In my experience, students  have never been brilliant at checking their school emails, especially the older kids. This makes communicating with them quite difficult when they are not sat in your class.

A great way to improve this is to use Facebook groups. Now, this presents a problem. The main one being schools tend to be terrified of social networks. Possibly because they do not understand them? However, if you have a forward thinking school, you can overcome this by showing them how useful they can be. Once they are aware of this they may let you give Facebook groups/Twitter a go.

Do you have a policy on how teaching staff should present themselves online? This article includes an ICT code of conduct with rules about online communication for school staff. It also refers to official guidance and a clause in the GTCE code of conduct which covers teachers’ behaviour.

ICT and online communication code of conduct for staff

Hellingly Community Primary School in East Sussex has an ICT code of conduct for staff. It sets out the rules that all staff must comply with when using ICT facilities both within the school and away from the school.

The section covering online communication includes statements such as:

  • I will not allow parents or children and young people to add me as a friend, nor will I add them as friends, on social networking sites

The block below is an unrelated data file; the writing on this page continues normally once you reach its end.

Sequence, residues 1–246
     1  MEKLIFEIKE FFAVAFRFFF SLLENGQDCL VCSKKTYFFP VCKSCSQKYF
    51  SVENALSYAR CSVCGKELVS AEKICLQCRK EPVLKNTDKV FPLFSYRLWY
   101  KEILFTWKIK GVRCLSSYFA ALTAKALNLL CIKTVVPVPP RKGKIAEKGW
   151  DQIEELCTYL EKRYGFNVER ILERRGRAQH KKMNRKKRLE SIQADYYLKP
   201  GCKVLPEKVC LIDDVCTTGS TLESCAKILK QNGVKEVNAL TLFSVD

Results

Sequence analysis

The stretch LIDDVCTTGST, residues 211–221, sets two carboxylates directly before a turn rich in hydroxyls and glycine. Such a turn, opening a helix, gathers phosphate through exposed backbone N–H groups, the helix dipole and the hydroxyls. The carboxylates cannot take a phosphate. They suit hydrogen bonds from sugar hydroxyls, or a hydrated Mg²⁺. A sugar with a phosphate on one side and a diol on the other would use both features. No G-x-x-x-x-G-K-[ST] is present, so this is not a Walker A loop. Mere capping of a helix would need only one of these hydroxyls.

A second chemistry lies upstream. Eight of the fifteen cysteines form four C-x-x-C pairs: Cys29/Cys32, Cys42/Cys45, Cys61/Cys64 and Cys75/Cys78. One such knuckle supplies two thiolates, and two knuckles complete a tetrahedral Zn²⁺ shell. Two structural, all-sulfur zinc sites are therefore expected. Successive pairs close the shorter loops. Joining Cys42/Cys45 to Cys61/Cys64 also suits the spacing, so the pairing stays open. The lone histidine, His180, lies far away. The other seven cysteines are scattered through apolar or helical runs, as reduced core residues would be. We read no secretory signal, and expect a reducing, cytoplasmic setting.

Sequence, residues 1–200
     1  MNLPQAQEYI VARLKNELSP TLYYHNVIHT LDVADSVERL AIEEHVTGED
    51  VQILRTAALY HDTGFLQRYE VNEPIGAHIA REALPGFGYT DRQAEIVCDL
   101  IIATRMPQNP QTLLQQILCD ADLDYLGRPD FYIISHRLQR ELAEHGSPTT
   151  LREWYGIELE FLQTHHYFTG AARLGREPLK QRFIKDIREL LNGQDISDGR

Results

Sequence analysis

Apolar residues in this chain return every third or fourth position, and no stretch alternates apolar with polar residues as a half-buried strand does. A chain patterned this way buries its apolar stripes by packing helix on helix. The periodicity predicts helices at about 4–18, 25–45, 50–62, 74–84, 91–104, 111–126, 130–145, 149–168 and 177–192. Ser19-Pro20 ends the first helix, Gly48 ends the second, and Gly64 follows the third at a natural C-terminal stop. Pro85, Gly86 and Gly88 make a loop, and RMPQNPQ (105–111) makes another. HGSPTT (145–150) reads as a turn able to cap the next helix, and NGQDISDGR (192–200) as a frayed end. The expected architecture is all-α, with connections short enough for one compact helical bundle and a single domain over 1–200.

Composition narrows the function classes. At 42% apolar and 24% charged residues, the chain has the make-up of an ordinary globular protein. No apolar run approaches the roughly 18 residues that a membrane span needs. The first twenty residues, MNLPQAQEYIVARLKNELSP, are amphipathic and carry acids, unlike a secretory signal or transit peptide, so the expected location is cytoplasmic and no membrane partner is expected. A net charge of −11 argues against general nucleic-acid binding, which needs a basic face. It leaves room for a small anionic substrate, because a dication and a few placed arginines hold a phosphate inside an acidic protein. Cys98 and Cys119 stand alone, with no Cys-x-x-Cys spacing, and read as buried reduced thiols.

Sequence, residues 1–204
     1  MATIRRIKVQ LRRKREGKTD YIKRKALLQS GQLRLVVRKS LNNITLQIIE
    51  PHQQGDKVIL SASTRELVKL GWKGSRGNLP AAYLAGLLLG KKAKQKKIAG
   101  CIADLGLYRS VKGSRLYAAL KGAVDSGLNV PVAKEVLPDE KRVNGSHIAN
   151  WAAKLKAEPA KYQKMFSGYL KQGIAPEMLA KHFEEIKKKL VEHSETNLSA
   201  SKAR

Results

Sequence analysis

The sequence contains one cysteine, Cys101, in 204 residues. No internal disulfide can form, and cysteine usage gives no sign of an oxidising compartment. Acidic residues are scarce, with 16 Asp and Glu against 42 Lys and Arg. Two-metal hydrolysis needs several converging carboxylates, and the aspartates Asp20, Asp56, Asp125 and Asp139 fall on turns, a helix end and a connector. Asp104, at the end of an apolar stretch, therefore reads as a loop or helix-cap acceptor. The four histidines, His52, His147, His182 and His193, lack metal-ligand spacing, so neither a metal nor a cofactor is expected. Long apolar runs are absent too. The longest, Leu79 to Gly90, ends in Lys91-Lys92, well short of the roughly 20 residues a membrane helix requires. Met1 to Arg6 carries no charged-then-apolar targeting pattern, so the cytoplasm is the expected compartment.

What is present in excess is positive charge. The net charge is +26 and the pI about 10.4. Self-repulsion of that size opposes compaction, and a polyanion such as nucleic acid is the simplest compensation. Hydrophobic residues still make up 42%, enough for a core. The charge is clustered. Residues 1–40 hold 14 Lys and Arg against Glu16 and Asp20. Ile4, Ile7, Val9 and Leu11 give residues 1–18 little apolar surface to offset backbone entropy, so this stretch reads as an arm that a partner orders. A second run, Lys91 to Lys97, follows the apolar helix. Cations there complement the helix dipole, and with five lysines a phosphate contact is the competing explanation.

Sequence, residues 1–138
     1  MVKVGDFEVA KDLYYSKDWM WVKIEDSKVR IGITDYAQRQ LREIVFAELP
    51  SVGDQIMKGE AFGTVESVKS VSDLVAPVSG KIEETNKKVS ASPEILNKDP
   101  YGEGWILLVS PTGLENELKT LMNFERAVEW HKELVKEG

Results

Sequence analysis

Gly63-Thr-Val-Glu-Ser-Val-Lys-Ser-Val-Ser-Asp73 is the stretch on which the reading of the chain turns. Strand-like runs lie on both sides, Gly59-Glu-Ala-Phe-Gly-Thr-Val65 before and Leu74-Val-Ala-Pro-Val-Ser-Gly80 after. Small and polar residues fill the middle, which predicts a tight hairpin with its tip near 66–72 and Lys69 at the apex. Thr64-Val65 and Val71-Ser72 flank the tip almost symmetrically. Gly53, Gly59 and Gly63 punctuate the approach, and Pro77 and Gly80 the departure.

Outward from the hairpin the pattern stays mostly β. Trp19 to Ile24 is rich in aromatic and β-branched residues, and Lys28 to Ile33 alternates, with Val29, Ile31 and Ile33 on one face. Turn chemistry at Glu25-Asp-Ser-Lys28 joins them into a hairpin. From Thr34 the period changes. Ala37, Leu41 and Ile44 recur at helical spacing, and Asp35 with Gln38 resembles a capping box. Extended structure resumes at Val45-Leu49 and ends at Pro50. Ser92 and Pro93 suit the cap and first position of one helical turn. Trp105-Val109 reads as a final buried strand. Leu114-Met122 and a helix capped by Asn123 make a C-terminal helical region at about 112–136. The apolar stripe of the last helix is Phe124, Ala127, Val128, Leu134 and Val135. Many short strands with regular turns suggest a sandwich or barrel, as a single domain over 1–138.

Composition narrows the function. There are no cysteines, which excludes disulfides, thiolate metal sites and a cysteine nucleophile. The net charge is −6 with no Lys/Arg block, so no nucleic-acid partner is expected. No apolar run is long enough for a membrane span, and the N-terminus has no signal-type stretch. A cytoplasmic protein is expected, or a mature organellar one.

• I will not use Facebook or similar online networking sites whilst at work
  • I must make clear that any comments (e.g. political views) are my own personal opinion
  • I will not create, transmit, display or publish any material that is likely to: harass, cause offence, inconvenience or needless anxiety to any other person or bring the school into disrepute
  • In line with safeguarding procedures, no comments should be made with reference to the school, its staff, governors, pupils, families, any persons associated with it or events
  • I will not place any information regarding my activities at school, or the school in general on my social networking sites

In April this year, the NUT warned teachers about the dangers of befriending pupils on social networking sites such as Facebook. The implications are so great that some schools have banned teachers from using Facebook altogether.

It's certainly true that Facebook can be a perilous place for teachers. Is it okay to accept a “friend request” from a pupil whom you know personally? What happens if you reject that friend request? Can you prevent pupils from viewing your pictures and wall posts? What should you do if a pupil posts a message on your wall? What happens if a pupil sees a comment you've made on someone else's wall?

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